Cisco Systems Inc.’s weak revenue forecast for the current quarter weighed heavily on the networking giant’s shares Thursday — they plunged the most in one day in nearly six years — and some analysts see further pain in store.
Instinet analyst Jeffrey Kvaal thinks there could be “another shoe to drop” in the current fiscal year, which just began a few weeks back. While Cisco’s CSCO, -8.61% management team “appeared unruffled by enterprise demand,” in Kvaal’s view, he has numerous concerns about the spending environment.
“China may weaken further, public sector seems above trend, and enterprise macro concerns may deepen,” wrote Kvaal, who has a neutral rating on the stock and bumped his price target down to $47 from $53.
Cisco’s stock drooped 8.6% to $46.25 in trading Thursday in its worst single-day drop since Nov. 14, 2013, when the stock plummeted 11%. It was the worst performing stock on the Dow Jones Industrial Average.
Needham analyst Alex Henderson sees Cisco’s business drivers “ebbing” and doubts that 5G will be a meaningful catalyst for the stock “any time soon.” While Henderson views macroeconomic issues as a source of pressure, he also worries that Cisco-specific problems could continue.
“Cisco has benefited from a major upgrade cycle in Campus that is now approaching three years old,” he wrote. “We think price hikes are poised to annualize and acquisition contributions should ease. The decline in tax rates is annualizing and Cisco’s share buybacks need to slow to that of issuance unless the company wants to take on debt to fund them.”
Henderson has a hold rating on the shares.
Oppenheimer’s Ittai Kidron took a more mixed view. “While we believe Cisco’s strong product cycle and software transition can help it navigate a choppier environment, we nonetheless expect shares to remain rangebound as investors digest lower growth expectations and the moderation in buyback activity,” he wrote. Kidron has an outperform rating and $60 target on the stock.
In lowering his price target to $60 from $65, FBN Securities’ Shebly Seyrafi expressed concern about a “challenging service provider business” — especially in China, which, although a small slice of Cisco’s business, made an impact. He did maintain an Outperform rating, however, because subscriptions grew to 70% of software sales, switching grew by a double digits year-over-year, security improved 14%, and applications rose 11%.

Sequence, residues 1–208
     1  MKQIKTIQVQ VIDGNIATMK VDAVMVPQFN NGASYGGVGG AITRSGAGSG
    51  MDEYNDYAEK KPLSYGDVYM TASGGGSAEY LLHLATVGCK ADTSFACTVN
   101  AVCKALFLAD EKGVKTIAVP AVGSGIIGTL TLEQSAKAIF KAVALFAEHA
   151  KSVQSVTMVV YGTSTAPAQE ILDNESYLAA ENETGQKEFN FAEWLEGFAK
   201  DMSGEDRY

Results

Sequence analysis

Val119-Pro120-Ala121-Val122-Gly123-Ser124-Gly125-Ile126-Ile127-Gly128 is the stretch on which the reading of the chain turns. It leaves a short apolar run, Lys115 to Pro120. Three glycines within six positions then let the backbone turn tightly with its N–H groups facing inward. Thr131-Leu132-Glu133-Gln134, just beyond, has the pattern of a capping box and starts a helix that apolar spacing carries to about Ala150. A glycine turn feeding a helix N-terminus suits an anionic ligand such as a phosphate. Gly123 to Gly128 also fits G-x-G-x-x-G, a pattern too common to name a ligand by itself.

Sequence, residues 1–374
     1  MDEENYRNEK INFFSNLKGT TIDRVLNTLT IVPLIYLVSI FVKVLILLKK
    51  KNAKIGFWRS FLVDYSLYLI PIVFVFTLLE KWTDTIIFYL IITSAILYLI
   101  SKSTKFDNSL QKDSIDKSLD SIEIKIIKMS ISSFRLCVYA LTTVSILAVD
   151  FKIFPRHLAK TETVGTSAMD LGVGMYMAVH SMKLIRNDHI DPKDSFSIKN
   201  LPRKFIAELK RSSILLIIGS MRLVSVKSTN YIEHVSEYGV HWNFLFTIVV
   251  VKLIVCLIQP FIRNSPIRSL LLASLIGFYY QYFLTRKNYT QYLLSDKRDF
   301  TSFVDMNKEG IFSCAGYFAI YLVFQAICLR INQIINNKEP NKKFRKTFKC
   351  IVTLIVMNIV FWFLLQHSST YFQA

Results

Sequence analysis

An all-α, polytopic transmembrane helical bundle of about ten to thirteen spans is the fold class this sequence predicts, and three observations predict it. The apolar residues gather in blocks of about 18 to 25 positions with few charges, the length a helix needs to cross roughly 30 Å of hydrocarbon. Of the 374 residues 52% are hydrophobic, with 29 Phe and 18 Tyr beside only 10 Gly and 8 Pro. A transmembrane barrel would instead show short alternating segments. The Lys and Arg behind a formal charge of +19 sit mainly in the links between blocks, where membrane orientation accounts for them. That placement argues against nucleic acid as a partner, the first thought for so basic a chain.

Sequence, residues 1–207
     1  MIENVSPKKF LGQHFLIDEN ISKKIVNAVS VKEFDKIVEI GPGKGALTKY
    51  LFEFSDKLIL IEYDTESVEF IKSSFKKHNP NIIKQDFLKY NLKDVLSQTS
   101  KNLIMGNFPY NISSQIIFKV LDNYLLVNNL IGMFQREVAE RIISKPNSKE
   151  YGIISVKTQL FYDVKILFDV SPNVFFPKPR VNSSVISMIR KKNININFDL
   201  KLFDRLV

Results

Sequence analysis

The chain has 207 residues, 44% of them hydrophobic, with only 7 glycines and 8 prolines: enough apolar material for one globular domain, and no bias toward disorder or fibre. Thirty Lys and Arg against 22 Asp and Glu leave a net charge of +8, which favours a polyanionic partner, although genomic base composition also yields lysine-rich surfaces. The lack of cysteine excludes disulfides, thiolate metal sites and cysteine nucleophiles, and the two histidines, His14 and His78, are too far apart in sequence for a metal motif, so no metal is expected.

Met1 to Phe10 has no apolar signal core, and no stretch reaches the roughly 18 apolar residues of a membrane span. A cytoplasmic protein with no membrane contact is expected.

Others came to the company’s defense following the downbeat outlook.
“Cisco has traditionally been very conservative when they’ve reduced expectations,” wrote Jefferies analyst George Notter, who rates the stock a buy but lowered his price target to $54 from $62. “Historically, their upsets relative to consensus have been followed by several quarters of outperformance. In our view, the 0-2% year-over-year growth guidance for the October quarter likely contains a healthy dose of conservatism – even with the increased macroeconomic uncertainty we’re seeing right now.”
Industry analyst Glenn O’Donnell, who covers Cisco for Forrester Research, warns of risk for Cisco’s sweet spot , enterprise networks. “It will undoubtedly continue its overwhelming dominance there, but that dominance isn’t what it once was,” O’Donnell told MarketWatch. “It is facing some serious competition for the first time in many years” from Arista Networks Inc. ANET, -1.25%, Hewlett Packard Enterprise Co. HPE, -1.40%, and VMware Inc. VMW, -7.02%.
Shares have risen 6.7% so far this year, as the Dow Jones Industrial Average DJIA, +0.39% has climbed 9.7%.
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